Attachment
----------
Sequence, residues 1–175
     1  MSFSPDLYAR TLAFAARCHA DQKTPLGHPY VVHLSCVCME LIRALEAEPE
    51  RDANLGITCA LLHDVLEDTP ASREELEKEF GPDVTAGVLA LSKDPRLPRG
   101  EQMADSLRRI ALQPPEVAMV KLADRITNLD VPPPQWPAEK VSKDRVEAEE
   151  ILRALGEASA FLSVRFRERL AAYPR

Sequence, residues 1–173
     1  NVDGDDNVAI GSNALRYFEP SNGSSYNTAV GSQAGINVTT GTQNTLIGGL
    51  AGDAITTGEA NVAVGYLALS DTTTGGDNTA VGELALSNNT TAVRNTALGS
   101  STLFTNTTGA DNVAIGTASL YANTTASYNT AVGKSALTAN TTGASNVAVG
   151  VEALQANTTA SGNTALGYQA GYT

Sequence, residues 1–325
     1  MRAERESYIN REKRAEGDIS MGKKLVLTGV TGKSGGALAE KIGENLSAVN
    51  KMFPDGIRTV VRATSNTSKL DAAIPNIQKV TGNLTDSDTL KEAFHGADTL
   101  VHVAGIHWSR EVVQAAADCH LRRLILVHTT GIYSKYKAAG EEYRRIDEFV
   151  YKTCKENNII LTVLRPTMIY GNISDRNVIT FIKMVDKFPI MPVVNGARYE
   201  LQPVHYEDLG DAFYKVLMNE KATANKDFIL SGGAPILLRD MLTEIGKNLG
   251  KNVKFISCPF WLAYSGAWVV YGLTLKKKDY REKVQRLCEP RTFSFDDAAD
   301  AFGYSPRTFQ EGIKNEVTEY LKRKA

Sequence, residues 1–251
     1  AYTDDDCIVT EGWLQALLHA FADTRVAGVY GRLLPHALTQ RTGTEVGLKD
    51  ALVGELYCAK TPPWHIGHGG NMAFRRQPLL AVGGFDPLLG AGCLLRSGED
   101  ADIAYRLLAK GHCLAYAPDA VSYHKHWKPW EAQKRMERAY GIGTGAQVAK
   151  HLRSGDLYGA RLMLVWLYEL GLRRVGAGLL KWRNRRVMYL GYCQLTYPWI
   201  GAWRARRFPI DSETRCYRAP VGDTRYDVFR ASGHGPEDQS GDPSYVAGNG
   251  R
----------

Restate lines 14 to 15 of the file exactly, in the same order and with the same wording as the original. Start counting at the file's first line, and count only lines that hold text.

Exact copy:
   101  VHVAGIHWSR EVVQAAADCH LRRLILVHTT GIYSKYKAAG EEYRRIDEFV
   151  YKTCKENNII LTVLRPTMIY GNISDRNVIT FIKMVDKFPI MPVVNGARYE